Brazil Set To Launch Trade Case Against The U.S. Over Steel

14 September 2016

Brazil will most likely launch a new trade dispute against the United States at the World Trade Organization over its decision to raise duties on some Brazilian steel imports, Trade Minister Marcos Pereira told Reuters.

Pereira said he expects the government's chamber of foreign trade, known as Camex, to approve his call to initiate the case after Washington decided to slap higher duties on Brazilian cold-rolled steel to fight a glut of steel imports.

"I will defend that position... and I believe the chamber will support it because what the United States is doing is not legal," Pereira said in an interview late on Monday.

The United States has accused Brazilian producers of benefiting from hefty subsidies of seven export promotion programs to the detriment of U.S. steelmakers. A preliminary rule by U.S. International Trade Commission (ITC) ordered an increase in duties on Brazilian cold-rolled steel.

Washington will charge anti-subsidy duties of 11.31 percent and 11.09 percent on exports from Cia. Siderúrgica Nacional SA and Usinas Siderurgicas de Minas Gerais SA respectively.

Usiminas and CSN, as both companies are known, are the top producers of cold-rolled steel in Brazil, which exported $285 million worth of the product to the United States in 2015, according to trade ministry data.

Brazil will also challenge a separate decision by ITC late on Monday to raise anti-subsidy duties to just over 11 percent on hot-rolled flat steel imports from Brazil, the trade ministry said on Tuesday.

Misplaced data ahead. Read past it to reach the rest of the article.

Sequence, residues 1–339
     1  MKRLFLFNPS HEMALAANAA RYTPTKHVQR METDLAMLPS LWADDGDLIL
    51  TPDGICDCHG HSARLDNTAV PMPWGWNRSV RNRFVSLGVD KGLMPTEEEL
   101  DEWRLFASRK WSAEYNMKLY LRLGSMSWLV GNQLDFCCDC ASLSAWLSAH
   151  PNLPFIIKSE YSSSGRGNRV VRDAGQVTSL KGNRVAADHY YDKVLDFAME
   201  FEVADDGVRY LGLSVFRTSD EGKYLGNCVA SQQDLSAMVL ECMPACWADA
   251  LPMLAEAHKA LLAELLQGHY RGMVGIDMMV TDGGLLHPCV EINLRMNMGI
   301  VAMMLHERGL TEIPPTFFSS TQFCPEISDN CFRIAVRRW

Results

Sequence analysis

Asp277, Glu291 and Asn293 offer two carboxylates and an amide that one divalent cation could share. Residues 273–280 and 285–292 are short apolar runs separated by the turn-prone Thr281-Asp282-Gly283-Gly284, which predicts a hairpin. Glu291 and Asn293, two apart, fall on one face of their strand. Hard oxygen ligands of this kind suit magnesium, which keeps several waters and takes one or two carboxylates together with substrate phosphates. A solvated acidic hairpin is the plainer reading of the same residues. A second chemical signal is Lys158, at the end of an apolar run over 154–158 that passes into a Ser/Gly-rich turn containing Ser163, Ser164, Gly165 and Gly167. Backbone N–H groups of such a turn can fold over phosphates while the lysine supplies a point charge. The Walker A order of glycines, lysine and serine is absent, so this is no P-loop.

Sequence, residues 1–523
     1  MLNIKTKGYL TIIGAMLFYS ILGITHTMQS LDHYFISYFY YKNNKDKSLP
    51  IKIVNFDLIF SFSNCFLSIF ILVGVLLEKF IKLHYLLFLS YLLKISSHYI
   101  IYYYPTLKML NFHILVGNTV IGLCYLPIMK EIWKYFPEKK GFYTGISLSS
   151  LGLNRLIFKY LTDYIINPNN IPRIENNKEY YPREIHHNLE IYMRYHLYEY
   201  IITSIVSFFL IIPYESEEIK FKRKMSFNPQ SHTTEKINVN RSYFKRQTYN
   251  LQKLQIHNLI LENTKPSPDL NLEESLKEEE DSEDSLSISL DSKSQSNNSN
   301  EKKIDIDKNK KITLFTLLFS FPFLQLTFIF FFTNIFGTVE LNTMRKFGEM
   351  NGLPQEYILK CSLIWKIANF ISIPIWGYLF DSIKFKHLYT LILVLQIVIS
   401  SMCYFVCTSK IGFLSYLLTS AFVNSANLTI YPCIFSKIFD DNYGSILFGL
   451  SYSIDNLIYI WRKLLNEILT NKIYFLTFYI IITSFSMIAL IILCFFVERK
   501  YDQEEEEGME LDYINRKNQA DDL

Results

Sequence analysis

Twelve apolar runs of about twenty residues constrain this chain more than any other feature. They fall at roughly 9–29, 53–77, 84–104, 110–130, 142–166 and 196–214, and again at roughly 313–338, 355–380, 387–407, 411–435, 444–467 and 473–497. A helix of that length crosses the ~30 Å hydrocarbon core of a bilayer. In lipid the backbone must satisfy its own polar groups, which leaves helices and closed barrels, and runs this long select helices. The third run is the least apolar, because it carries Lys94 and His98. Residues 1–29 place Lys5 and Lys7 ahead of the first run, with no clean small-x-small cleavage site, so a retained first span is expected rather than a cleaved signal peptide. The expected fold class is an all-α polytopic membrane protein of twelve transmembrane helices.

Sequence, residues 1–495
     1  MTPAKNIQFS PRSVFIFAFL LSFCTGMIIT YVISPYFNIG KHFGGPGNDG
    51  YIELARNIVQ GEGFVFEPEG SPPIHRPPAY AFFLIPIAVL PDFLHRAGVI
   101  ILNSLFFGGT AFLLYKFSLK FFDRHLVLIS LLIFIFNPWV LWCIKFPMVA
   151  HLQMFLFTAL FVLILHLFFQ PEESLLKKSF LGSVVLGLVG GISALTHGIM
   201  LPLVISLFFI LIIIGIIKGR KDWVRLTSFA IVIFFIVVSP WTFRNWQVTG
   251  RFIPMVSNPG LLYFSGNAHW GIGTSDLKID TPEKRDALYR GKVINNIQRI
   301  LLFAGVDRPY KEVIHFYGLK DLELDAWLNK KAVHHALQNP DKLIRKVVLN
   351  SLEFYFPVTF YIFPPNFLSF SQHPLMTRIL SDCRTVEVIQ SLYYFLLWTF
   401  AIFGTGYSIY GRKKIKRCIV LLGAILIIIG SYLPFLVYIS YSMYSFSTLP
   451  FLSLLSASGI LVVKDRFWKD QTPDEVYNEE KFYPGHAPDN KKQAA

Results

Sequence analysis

The latest clash could again raise tensions between the Americas' two biggest economies as trading partners worldwide tussle over every little bit of market share amid a sluggish global economy.

For over a decade, both countries have fought bitterly to settle a U.S. cotton subsidies case that became a landmark at the WTO and nearly prompted Brazil to raise tariffs on U.S. products.

Brazilian officials are also gathering evidence to show that the United States is increasing subsidies for soy and corn farmers, which threatens to further push down prices for the key crops grown in the South American country, sources told Reuters last year.

A crippling two-year recession in Brazil has hurt steelmakers who were already reeling from depressed world prices that have forced the firing of thousands of workers over the last few years.

Brazilian cold-rolled steel is mostly exported for the auto and appliances industries, but it is also used for a wide variety of products that require high strength such as steel bars and rods.


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